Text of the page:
Nephi’s Jerusalem

“And thus Laman and Lemuel, being the eldest, did murmur against their father. And they did murmur because they knew not the dealings of that God who had created them. Neither did they believe that Jerusalem, that great city, could be destroyed according to the words of the prophets. And they were like unto the Jews who were at Jerusalem, who sought to take away the life of my father.” First Nephi 2:12-13

In 598 BC, Nebuchadnezzar II, king of Babylon, laid siege to Jerusalem, which surrendered to him on March 16th 597 BC.[1]

Cuniform tablet in the British Museum documenting Nebuchadnezzar’s capture of Jerusalem in 597 BC.

Nebuchadnezzar took Jerusalem’s king hostage, along with his royal court.

2 Kings 24:10 At that time the officers of Nebuchadnezzar king of Babylon advanced on Jerusalem and laid siege to it, 11 and Nebuchadnezzar himself came up to the city while his officers were besieging it. 12 Jehoiachin king of Judah, his mother, his attendants, his nobles and his officials all surrendered to him. In the eighth year of the reign of the king of Babylon, he took Jehoiachin prisoner.

The armies of Babylon pillaged the city and plundered the Temple and palace.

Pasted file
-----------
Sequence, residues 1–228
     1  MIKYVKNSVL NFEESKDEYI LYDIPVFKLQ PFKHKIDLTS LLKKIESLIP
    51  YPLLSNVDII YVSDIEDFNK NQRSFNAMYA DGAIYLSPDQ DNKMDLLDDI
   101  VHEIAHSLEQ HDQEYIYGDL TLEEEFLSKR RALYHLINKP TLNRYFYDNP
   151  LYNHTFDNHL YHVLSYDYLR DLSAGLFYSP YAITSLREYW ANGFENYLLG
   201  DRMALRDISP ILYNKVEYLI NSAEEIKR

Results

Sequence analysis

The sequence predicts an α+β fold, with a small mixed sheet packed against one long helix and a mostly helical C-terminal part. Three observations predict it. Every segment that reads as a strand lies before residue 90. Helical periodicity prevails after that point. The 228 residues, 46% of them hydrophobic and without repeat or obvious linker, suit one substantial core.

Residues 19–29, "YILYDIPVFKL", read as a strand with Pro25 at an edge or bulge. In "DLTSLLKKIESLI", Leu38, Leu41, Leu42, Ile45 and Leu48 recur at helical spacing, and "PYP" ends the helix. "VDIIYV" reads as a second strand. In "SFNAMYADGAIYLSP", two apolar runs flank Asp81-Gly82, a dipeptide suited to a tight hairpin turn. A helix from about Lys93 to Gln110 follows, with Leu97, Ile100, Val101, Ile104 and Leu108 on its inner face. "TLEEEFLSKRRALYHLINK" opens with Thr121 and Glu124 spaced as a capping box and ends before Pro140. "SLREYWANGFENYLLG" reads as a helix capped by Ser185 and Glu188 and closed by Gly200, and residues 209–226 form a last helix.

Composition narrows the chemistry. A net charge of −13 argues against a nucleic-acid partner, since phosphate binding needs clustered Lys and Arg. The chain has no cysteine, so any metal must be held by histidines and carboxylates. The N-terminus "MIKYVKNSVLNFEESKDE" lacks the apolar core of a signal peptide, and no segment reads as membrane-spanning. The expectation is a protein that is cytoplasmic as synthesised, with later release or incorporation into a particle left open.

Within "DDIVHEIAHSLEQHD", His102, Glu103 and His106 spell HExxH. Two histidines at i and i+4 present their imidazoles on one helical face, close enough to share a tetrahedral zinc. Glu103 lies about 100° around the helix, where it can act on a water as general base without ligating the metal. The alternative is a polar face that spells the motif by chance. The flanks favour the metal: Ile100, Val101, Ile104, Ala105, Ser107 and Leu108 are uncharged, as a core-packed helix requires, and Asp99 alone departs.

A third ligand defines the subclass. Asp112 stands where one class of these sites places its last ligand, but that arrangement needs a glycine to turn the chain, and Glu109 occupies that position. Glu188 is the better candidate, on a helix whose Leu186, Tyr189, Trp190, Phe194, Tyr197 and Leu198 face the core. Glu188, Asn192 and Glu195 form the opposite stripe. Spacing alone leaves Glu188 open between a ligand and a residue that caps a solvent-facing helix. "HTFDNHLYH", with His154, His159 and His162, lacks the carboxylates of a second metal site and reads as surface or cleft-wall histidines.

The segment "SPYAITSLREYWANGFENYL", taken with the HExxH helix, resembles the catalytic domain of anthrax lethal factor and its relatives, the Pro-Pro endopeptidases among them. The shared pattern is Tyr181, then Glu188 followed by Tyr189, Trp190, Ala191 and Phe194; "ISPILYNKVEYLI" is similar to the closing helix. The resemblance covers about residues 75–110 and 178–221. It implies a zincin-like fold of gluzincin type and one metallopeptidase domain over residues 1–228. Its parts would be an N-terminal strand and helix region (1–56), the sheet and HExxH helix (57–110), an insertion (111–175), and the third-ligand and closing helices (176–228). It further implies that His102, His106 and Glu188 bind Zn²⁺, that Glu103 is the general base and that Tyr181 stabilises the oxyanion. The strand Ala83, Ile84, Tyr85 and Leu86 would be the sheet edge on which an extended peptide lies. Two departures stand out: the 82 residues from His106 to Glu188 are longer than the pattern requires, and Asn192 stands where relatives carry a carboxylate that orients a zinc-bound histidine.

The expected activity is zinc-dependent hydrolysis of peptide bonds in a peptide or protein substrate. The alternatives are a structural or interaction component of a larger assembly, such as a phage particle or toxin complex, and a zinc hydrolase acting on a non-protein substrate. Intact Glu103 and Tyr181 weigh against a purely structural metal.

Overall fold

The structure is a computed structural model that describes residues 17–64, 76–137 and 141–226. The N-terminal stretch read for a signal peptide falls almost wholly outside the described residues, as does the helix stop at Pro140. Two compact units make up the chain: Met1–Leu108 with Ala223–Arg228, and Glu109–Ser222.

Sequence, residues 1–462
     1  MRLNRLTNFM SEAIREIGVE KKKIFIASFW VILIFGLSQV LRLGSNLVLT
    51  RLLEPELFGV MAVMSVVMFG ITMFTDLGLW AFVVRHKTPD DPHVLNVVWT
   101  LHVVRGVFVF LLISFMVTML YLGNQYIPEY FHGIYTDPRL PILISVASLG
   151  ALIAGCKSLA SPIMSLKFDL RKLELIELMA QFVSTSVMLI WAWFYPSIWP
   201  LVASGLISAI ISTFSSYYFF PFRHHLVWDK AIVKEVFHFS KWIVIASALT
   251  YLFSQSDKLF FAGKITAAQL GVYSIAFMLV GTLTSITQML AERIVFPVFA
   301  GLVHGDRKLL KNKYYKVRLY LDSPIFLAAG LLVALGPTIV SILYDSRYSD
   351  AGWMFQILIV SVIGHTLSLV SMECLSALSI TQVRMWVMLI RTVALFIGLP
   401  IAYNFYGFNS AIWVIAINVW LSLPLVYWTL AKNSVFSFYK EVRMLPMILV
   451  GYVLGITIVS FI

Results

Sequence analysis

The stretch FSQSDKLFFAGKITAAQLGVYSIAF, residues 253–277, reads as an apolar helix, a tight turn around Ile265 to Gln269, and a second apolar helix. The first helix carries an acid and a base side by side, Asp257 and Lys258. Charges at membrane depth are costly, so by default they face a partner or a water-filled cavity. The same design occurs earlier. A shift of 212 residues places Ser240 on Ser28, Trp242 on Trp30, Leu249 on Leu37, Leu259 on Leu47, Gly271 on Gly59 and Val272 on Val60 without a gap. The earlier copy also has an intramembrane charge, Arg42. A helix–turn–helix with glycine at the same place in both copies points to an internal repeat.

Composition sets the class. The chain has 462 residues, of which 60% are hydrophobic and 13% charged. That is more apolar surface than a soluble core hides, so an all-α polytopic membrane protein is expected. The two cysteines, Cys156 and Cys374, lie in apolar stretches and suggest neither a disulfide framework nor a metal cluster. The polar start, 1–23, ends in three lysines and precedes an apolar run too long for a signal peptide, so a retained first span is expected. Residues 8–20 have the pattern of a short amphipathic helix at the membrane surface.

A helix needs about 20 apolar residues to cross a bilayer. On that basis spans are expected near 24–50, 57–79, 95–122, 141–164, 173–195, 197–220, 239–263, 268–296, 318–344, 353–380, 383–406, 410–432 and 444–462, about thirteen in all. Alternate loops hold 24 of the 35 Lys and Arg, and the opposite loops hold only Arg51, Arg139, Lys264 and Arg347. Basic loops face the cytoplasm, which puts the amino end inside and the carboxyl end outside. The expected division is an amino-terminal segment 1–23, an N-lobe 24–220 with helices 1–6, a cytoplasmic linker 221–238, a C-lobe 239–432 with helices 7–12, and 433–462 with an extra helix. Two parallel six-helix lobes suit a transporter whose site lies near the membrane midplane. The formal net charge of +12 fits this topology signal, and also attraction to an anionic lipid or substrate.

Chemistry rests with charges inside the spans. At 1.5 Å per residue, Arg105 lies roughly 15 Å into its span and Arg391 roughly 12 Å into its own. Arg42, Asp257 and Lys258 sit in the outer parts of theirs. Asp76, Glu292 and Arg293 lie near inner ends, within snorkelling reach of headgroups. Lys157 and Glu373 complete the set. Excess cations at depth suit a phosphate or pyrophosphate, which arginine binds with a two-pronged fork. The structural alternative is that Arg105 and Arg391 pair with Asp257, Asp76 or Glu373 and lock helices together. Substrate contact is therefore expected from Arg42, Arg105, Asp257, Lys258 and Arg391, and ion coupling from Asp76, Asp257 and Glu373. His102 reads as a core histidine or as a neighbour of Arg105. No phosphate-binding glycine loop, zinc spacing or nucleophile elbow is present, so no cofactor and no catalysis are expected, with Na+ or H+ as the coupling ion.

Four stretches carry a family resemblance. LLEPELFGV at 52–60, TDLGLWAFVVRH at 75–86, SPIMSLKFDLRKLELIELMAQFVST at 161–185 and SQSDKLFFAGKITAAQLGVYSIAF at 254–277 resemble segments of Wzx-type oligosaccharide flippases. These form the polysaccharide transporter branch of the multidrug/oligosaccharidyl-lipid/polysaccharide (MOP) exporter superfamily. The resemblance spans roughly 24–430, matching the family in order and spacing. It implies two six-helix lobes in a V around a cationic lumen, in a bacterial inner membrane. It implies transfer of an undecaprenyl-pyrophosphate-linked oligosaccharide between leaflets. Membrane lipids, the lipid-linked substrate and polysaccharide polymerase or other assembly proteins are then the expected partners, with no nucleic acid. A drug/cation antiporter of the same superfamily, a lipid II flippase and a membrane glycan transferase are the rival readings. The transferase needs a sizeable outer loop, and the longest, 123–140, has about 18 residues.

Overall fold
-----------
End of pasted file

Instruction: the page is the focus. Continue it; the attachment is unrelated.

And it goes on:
2 Kings 24:13 As the Lord had declared, Nebuchadnezzar removed the treasures from the temple of the Lord and from the royal palace, and cut up the gold articles that Solomon king of Israel had made for the temple of the Lord.

Nebuchadnezzar took captive to Babylon all the wealthy, skilled and able-bodied men (~10,000 in all), leaving only the poor.[2]

2 Kings 24:14 He carried all Jerusalem into exile: all the officers and fighting men, and all the skilled workers and artisans—a total of ten thousand. Only the poorest people of the land were left. 15 Nebuchadnezzar took Jehoiachin captive to Babylon. He also took from Jerusalem to Babylon the king’s mother, his wives, his officials and the prominent people of the land. 16 The king of Babylon also deported to Babylon the entire force of seven thousand fighting men, strong and fit for war, and a thousand skilled workers and artisans.

To consolidate power and establish control, Nebuchadnezzar installed Zedekiah as a puppet-king of Judah, whose job it was to ensure that tribute was paid on time.

2 Kings 24:17 He made Mattaniah, Jehoiachin’s uncle, king in his place and changed his name to Zedekiah.

This was by far the largest of the three deportations of the Jewish Diaspora. The prophet Ezekiel and the ostensible author of the Book of Daniel were carried hostage to Babylon at this time. According to Jeremiah, who counted only men, 3,023 Judeans were deported in 597 BC (52:28), 832 inhabitants in 586 BC (52:29), and 745 Jews in 582 BC (52:30). Thus, this first deportation was ~4 times larger than the second and third deportations.

Nephi begins his story “in the commencement of the first year of the reign of Zedekiah” as Nebuchadnezzar is hauling away his slaves and treasure. With this historical background in mind, here are eleven questions for Sunday school class:

1. Were the families of Lehi, Ishmael, and “Laban and his fifty” among “the poorest people of the land”, such that Nebuchadnezzar didn’t notice them?